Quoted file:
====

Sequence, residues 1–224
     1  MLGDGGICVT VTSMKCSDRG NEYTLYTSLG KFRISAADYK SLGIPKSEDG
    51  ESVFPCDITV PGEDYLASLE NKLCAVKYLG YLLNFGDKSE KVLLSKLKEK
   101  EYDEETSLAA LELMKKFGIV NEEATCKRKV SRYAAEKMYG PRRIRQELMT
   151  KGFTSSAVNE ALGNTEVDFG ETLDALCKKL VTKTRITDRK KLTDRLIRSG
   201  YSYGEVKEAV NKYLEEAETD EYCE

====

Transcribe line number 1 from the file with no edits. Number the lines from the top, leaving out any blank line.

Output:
Sequence, residues 1–224